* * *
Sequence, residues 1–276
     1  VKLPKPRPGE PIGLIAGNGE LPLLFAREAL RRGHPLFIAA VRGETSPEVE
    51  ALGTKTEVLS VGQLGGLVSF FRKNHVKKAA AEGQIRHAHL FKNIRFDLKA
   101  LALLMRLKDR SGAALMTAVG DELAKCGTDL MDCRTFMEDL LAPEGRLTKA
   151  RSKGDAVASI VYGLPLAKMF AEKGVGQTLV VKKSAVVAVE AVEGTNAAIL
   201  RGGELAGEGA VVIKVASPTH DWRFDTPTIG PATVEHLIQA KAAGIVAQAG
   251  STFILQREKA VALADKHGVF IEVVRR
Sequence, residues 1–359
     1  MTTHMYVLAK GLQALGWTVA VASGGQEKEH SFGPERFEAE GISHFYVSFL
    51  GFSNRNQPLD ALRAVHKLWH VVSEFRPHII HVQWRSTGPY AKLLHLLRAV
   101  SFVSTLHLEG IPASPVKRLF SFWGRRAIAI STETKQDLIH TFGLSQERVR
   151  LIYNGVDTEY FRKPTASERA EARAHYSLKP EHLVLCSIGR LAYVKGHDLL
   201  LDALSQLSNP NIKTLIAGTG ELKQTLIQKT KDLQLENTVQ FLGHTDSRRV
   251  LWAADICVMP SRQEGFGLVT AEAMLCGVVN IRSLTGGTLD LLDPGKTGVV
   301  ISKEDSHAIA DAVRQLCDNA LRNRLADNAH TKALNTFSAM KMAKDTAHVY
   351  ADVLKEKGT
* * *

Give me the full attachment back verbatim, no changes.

Sequence, residues 1–276
     1  VKLPKPRPGE PIGLIAGNGE LPLLFAREAL RRGHPLFIAA VRGETSPEVE
    51  ALGTKTEVLS VGQLGGLVSF FRKNHVKKAA AEGQIRHAHL FKNIRFDLKA
   101  LALLMRLKDR SGAALMTAVG DELAKCGTDL MDCRTFMEDL LAPEGRLTKA
   151  RSKGDAVASI VYGLPLAKMF AEKGVGQTLV VKKSAVVAVE AVEGTNAAIL
   201  RGGELAGEGA VVIKVASPTH DWRFDTPTIG PATVEHLIQA KAAGIVAQAG
   251  STFILQREKA VALADKHGVF IEVVRR
Sequence, residues 1–359
     1  MTTHMYVLAK GLQALGWTVA VASGGQEKEH SFGPERFEAE GISHFYVSFL
    51  GFSNRNQPLD ALRAVHKLWH VVSEFRPHII HVQWRSTGPY AKLLHLLRAV
   101  SFVSTLHLEG IPASPVKRLF SFWGRRAIAI STETKQDLIH TFGLSQERVR
   151  LIYNGVDTEY FRKPTASERA EARAHYSLKP EHLVLCSIGR LAYVKGHDLL
   201  LDALSQLSNP NIKTLIAGTG ELKQTLIQKT KDLQLENTVQ FLGHTDSRRV
   251  LWAADICVMP SRQEGFGLVT AEAMLCGVVN IRSLTGGTLD LLDPGKTGVV
   301  ISKEDSHAIA DAVRQLCDNA LRNRLADNAH TKALNTFSAM KMAKDTAHVY
   351  ADVLKEKGT